Cutaneous cancer stem cell maintenance is dependent on β-catenin signaling

Ecole Polytechnique Fédérale de Lausanne/ISREC (Swiss Institute for Experimental Cancer Research) and National Center of Competence in Research Molecular Oncology, Chemin des Boveresses 155, 1066 Epalinges, Switzerland.
Nature (Impact Factor: 41.46). 05/2008; 452(7187):650-3. DOI: 10.1038/nature06835
Source: PubMed

ABSTRACT Continuous turnover of epithelia is ensured by the extensive self-renewal capacity of tissue-specific stem cells. Similarly, epithelial tumour maintenance relies on cancer stem cells (CSCs), which co-opt stem cell properties. For most tumours, the cellular origin of these CSCs and regulatory pathways essential for sustaining stemness have not been identified. In murine skin, follicular morphogenesis is driven by bulge stem cells that specifically express CD34. Here we identify a population of cells in early epidermal tumours characterized by phenotypic and functional similarities to normal bulge skin stem cells. This population contains CSCs, which are the only cells with tumour initiation properties. Transplants derived from these CSCs preserve the hierarchical organization of the primary tumour. We describe beta-catenin signalling as being essential in sustaining the CSC phenotype. Ablation of the beta-catenin gene results in the loss of CSCs and complete tumour regression. In addition, we provide evidence for the involvement of increased beta-catenin signalling in malignant human squamous cell carcinomas. Because Wnt/beta-catenin signalling is not essential for normal epidermal homeostasis, such a mechanistic difference may thus be targeted to eliminate CSCs and consequently eradicate squamous cell carcinomas.

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    • "Despite controversial results being reported (McQueen et al 2011), our previous studies, conducted on osteosarcoma tissue sections and bulk cell lines, demonstrated that the Wnt/β-catenin signaling is generally inactivated in osteosarcoma (Cai et al 2010). However, here we report that the Wnt/β-catenin pathway is specifically activated in the subset of osteosarcoma CSCs and not in their parental cells, suggesting that it can play an important role on the self-renewal of stem-like cell populations, as previously reported (Mao et al 2014; Malanchi et al 2008). The discrepancy between nuclear β-catenin, TCF/LEF activity and AXIN2 expression observed in SJSA-1 spheres maybe be explained by the fact that this cell line showed the highest constitutive expression of Sox2 (Fig. 2B). "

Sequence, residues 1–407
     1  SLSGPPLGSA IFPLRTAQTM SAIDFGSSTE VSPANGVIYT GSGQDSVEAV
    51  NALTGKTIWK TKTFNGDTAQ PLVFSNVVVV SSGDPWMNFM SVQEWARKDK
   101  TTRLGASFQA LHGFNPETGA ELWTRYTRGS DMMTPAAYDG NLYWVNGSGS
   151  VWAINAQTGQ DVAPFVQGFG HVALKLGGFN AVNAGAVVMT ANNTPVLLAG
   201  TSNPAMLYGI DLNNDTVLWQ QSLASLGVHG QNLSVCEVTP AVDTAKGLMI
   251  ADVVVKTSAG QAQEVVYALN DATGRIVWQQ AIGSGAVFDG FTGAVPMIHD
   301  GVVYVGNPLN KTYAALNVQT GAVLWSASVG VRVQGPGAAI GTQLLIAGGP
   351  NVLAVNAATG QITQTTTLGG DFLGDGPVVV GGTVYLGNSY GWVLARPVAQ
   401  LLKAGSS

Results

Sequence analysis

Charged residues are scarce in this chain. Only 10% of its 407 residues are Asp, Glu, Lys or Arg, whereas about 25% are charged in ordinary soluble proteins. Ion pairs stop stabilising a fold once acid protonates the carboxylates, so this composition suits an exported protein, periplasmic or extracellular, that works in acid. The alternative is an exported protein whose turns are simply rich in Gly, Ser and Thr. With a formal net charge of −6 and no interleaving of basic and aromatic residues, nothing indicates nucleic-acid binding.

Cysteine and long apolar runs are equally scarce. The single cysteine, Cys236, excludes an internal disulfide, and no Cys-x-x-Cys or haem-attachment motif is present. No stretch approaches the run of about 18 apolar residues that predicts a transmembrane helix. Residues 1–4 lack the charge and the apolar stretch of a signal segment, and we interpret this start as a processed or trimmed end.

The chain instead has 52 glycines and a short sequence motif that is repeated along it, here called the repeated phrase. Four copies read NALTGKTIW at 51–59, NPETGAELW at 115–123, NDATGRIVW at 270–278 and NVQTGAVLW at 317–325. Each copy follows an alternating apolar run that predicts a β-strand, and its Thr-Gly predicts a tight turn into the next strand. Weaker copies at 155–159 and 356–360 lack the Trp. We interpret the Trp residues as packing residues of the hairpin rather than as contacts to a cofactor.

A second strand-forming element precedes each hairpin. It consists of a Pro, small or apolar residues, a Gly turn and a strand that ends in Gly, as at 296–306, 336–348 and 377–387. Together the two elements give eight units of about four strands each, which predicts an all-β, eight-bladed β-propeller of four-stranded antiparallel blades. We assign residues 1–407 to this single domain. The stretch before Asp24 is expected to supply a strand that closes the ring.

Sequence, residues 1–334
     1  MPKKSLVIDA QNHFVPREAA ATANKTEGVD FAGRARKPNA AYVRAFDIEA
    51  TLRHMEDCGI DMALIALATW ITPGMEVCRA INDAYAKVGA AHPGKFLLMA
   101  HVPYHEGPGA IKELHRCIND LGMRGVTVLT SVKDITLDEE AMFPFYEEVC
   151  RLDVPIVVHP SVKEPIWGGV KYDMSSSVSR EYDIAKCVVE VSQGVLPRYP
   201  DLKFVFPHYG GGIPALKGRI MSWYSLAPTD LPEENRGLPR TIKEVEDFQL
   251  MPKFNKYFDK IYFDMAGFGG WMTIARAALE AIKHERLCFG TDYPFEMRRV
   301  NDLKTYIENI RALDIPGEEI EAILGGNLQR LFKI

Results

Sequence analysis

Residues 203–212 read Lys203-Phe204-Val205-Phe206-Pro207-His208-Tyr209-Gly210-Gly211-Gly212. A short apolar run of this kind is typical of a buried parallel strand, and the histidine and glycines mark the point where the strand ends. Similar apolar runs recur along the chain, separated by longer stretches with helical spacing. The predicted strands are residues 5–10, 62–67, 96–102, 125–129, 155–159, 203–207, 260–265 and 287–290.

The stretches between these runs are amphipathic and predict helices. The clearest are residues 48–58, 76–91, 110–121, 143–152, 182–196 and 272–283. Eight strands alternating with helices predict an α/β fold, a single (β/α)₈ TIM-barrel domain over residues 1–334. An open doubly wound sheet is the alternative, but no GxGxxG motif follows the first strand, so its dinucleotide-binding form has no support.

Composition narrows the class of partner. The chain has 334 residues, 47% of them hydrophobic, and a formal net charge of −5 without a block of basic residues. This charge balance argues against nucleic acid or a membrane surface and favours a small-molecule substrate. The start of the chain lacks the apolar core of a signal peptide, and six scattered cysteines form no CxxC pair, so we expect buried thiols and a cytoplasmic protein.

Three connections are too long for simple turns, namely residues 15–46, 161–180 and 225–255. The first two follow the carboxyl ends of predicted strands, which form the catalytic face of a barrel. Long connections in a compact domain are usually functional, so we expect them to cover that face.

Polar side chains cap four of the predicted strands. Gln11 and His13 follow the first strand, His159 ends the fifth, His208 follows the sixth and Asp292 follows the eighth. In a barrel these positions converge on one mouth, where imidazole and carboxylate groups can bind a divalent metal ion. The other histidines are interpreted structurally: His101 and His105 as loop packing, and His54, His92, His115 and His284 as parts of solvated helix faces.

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    ABSTRACT: Osteosarcoma is a bone tumor displaying significant cellular and histological heterogeneity and a complex genetic phenotype. Although multiple studies strongly suggest the presence of cancer stem cells in osteosarcoma a consensus on their characterization is still missing. We used a combination of functional assays (sphere-forming, Aldefluor and side-population) for identification of cancer stem cell populations in osteosarcoma cell lines. Expression of stemness-related transcription factors, quiescent nature, in vivo tumorigenicity and Wnt/β-catenin activation were evaluated. We show that different cancer stem cell populations may co-exist in osteosarcoma cell lines exhibiting distinct functional properties. Osteosarcoma spheres are slowly-proliferating populations, overexpress SOX2 and KLF4 stemness-related genes and have enhanced tumorigenic potential. Additionally, spheres show specific activation of Wnt/β-catenin signaling as evidenced by increased nuclear β-catenin, TCF/LEF activity and AXIN2 expression, in a subset of the cell lines. Aldefluor-positive populations were detected in all osteosarcoma cell lines and overexpress SOX2, but not KLF4. The side-population phenotype is correlated with ABCG2 drug-efflux transporter expression. Distinct functional methods seem to identify cancer stem cells with dissimilar characteristics. Intrinsic heterogeneity may exist within osteosarcoma cancer stem cells and can have implications on the design of targeted therapies aiming to eradicate these cells within tumors.